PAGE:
UNDP incentivise SMEs in Kazakhstan to implement low-carbon projects
13 February, Almaty - The United Nations Development Programme (UNDP) with the Ministry of Industry and Infrastructure Development of Kazakhstan and “Damu” Entrepreneurship Development Fund” JSC (“DAMU” fund) have introduced concessional lending instruments for small and medium enterprises to incentivise low-carbon ventures, Stratgey2050.kz reports with reference to the press service of the UNDP in Kazakhstan.
The joint green package comprises expert assistance in the green project development, bank loan subsidies in the amount of 10 per cent, investment reimbursement up to 40 per cent and loan guarantees from “DAMU” Fund.
“With an average bank loan rate of 15 per cent, the rate for the beneficiaries will be about 5 per cent due to UNDP soft loan schemes, which is comparable to the rates in OECD countries. Thus, low-carbon initiatives become more appealing to businesses thanks to shortened payback periods”, said Meirambek Kalymbaev, Director of the Borrowing Department, “Damu”Fund.
To date about 100 projects have been launched, 36 of which are completed. Among the latter are the ones on improvement of energy efficiency of residential and public buildings, tourist facilities, introduction of modern LED lighting, modernization of boiler and pump installations, as well as shift to renewable energy sources. The results provide evidence that smart climate action makes business sense.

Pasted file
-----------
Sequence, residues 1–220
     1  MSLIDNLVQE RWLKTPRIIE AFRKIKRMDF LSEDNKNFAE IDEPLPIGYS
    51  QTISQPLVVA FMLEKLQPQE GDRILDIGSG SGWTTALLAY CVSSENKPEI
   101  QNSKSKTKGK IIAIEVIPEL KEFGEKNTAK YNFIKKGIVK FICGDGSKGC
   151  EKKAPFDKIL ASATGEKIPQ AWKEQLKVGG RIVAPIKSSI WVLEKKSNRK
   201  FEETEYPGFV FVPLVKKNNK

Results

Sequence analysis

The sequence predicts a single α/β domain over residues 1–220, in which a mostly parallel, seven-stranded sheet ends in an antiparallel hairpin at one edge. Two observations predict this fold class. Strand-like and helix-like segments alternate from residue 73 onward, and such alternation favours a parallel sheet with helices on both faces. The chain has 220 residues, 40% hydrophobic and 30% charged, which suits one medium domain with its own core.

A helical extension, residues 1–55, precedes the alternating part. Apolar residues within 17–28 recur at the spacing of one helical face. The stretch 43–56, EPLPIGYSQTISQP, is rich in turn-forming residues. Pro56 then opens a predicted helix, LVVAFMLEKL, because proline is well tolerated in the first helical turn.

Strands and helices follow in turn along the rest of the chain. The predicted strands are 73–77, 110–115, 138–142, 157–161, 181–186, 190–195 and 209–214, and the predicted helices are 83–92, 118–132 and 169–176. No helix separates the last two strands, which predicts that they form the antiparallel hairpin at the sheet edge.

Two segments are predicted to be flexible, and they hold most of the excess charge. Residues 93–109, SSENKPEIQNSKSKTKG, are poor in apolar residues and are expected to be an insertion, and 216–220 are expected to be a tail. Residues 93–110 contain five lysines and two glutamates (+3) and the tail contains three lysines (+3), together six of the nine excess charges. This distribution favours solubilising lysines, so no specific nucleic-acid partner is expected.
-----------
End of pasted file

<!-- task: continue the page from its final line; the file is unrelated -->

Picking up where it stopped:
“The outcomes of the implemented projects have displayed that 1 KZT of financial support attracts 6KZT of investments and saves utility costs by 30-40 per cent. Thus, private companies benefit both economically and environmentally, reducing their carbon footprint and sustaining environment. Our goal is to scale up these successful practices across the country,” said Arman Kashkinbekov, Head of the UNDP Sustainable Development Unit.
In Kazakhstan the depreciation of the municipal infrastructure amounts to 60-65 per cent, which results in losses of 16 per cent energy consumption, 20 per cent heat supply and up to 60 per cent of water consumption. This ultimately increases GHG emissions and pollutes environment. Energy-efficient measures can reduce annual GHG emissions of 20-30 million tons of CO2/year, which represents about 30 per cent of the country’s cumulative total GHG emission reduction.
A sustainable urban policy that mitigates environmental impact, support economic growth and enhance social well-being is the central theme in the UNDP’s latest national Human Development Report.